Wetenschap - 22 oktober 1998

English Summary

English Summary

English Summary
  • The WAU celebrated its 2,500th PhD graduation last week. The graduates have produced forty metres of agronomic history in the WAU library since 1920. The number of dissertations has increased rapidly in the past twenty years - in the first decades only fifty to sixty PhD theses were completed, against a thousand in the last decade. A lot are devoted to agricultural problems abroad, starting with the economic analysis of the djati uprising and the djati forestry on Java in Indonesia in 1920, which deals with Dutch rule and exploitation of the former colony. A recent inventory of the Ministry of Foreign Affairs shows that the WAU has produced a third of the PhD theses in Holland on international development. This amounts to 250 dissertations in the past ten years, of which a third were produced by international PhD students
  • A task force on internationalisation at the WAU has produced a ambitious plan to turn it into the main university for food sciences and rural development in Europe. By the year 2010, all courses at the WAU should be given in English and half of the lecturers and sixty percent of the students should come from abroad, according to the task force. The WAU should organise its education according to the Anglo-Saxon model of Bachelors (BSc), Masters (MSc) and Doctor (PhD) and should invite more top scientists from abroad to work for three to twelve months in Wageningen on path breaking research. The plan is ambitious, but if you don't have a goal, you won't go anywhere, says Job Schoute, member of the task force. One of the first things the WAU should do is open up all university vacancies to foreign researchers, advises the task force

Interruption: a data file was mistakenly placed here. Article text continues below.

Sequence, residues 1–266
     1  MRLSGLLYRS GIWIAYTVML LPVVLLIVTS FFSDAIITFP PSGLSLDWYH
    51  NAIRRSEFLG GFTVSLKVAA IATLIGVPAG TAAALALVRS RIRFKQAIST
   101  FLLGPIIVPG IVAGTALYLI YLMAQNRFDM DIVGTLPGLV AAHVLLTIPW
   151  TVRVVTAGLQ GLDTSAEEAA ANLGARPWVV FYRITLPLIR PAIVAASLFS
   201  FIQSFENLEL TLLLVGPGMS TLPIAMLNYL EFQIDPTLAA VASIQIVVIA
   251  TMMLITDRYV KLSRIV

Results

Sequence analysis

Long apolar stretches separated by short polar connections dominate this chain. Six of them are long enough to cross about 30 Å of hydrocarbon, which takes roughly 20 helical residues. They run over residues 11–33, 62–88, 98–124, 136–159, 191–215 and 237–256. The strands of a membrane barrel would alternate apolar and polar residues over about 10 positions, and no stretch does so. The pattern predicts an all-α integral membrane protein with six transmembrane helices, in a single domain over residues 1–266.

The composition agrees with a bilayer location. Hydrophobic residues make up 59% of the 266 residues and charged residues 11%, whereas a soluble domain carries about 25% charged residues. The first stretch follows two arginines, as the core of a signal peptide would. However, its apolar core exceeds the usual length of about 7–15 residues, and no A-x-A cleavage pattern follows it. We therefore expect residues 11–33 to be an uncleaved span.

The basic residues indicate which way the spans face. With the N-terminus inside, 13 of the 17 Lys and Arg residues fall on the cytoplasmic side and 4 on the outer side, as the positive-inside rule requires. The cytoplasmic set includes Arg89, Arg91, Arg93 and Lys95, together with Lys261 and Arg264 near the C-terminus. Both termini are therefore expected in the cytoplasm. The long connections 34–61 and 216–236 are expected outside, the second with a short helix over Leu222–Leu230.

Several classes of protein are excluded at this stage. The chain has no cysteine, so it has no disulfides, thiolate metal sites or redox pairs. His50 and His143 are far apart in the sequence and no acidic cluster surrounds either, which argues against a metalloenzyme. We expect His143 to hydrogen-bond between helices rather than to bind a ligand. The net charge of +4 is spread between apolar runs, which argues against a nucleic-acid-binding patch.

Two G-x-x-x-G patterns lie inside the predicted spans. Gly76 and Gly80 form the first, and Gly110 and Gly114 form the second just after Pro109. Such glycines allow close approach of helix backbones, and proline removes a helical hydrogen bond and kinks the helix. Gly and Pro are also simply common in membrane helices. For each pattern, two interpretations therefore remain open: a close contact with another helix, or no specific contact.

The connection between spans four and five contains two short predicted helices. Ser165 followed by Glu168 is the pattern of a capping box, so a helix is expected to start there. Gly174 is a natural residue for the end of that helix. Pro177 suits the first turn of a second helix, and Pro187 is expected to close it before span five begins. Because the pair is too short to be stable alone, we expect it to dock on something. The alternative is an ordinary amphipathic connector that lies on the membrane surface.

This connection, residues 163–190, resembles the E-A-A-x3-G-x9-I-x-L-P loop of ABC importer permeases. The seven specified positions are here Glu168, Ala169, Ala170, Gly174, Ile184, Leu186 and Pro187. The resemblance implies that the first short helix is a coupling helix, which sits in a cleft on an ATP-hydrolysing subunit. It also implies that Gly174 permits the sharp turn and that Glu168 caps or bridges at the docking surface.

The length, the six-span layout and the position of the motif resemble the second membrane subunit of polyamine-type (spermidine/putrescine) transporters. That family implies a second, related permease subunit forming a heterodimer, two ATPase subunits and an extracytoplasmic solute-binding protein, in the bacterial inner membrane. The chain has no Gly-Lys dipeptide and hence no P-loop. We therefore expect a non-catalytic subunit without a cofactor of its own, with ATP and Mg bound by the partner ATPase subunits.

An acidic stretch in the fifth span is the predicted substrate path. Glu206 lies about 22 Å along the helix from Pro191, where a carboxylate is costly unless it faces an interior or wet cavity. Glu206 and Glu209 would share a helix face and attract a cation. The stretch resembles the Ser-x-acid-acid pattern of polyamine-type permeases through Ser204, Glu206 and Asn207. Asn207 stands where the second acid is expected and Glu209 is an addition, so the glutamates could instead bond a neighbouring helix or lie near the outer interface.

• Albert Beintema is obsessed by the moorhen of Tristan da Cunha, the remote island in the Atlantic Ocean. Beintema, who works at the DLO institute for nature conservation, is challenging the suggestion of the three hundred inhabitants of the island that the moorhen, who is believed to attack the more favoured albatross birds, is from the nearby island of Gough and should be destroyed. Beintema has captured two moorhen on the steep, black-coloured cliffs of the island and wants to compare the DNA of these with the DNA of moorhen from Gough, verifying his assumption that the moorhen of Tristan da Cunha is native to the island. Another piece of evidence is two moorhen skins, brought to the British Museum in the 19th century. The WAU department of Animal Breeding and Genetics wants to compare the DNA of the moorhen and the old skins in the quest for the truth
  • Jan Diek van Mansvelt of the WAU section of Ecological Agriculture has been awarded his PhD degree (doctor habilitas) in Moscow. Nobody in Wageningen knows what he has written, because the thesis - a summary of his ideas and work - is in Russian. He was invited by his Russian colleague Sonja Temirbekova to defend his work after eight years of collaboration with her. Russian agriculture, with little fertilizer, pesticides and other inputs, is comparable to the kind of organic agriculture that Van Mansvelt wants, says the Russian plant breeder Igor Uschapovski, working in Wageningen. Van Mansvelt's principle: plant genes will express differently in different environments. A well-known biological principle you in fact want to exclude in agriculture, says biologist Jos van Damme

  • Re:ageer